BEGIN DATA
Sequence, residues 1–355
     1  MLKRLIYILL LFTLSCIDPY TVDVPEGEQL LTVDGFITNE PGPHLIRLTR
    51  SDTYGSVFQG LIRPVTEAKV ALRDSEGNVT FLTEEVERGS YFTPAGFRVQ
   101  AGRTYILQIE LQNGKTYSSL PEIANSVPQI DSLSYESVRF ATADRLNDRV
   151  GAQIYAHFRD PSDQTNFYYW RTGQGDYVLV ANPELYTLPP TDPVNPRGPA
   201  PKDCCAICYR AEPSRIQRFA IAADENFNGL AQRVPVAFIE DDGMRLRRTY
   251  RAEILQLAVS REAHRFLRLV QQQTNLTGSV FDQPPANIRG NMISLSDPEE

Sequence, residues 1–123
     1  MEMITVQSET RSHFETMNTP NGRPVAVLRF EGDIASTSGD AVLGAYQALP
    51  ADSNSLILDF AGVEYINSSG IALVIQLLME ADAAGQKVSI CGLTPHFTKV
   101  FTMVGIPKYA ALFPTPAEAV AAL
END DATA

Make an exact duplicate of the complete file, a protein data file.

Sequence, residues 1–355
     1  MLKRLIYILL LFTLSCIDPY TVDVPEGEQL LTVDGFITNE PGPHLIRLTR
    51  SDTYGSVFQG LIRPVTEAKV ALRDSEGNVT FLTEEVERGS YFTPAGFRVQ
   101  AGRTYILQIE LQNGKTYSSL PEIANSVPQI DSLSYESVRF ATADRLNDRV
   151  GAQIYAHFRD PSDQTNFYYW RTGQGDYVLV ANPELYTLPP TDPVNPRGPA
   201  PKDCCAICYR AEPSRIQRFA IAADENFNGL AQRVPVAFIE DDGMRLRRTY
   251  RAEILQLAVS REAHRFLRLV QQQTNLTGSV FDQPPANIRG NMISLSDPEE

Sequence, residues 1–123
     1  MEMITVQSET RSHFETMNTP NGRPVAVLRF EGDIASTSGD AVLGAYQALP
    51  ADSNSLILDF AGVEYINSSG IALVIQLLME ADAAGQKVSI CGLTPHFTKV
   101  FTMVGIPKYA ALFPTPAEAV AAL